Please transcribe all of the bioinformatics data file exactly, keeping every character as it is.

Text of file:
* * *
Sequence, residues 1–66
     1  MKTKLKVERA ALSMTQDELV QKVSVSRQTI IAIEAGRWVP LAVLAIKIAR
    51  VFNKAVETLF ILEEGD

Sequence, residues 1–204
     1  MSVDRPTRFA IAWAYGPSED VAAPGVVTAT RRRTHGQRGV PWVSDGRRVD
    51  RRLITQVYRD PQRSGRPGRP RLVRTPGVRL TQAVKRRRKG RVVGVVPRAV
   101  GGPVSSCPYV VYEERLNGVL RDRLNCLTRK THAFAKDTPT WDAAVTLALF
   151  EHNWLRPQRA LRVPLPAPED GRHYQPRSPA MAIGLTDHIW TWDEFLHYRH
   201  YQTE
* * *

Sequence, residues 1–66
     1  MKTKLKVERA ALSMTQDELV QKVSVSRQTI IAIEAGRWVP LAVLAIKIAR
    51  VFNKAVETLF ILEEGD

Sequence, residues 1–204
     1  MSVDRPTRFA IAWAYGPSED VAAPGVVTAT RRRTHGQRGV PWVSDGRRVD
    51  RRLITQVYRD PQRSGRPGRP RLVRTPGVRL TQAVKRRRKG RVVGVVPRAV
   101  GGPVSSCPYV VYEERLNGVL RDRLNCLTRK THAFAKDTPT WDAAVTLALF
   151  EHNWLRPQRA LRVPLPAPED GRHYQPRSPA MAIGLTDHIW TWDEFLHYRH
   201  YQTE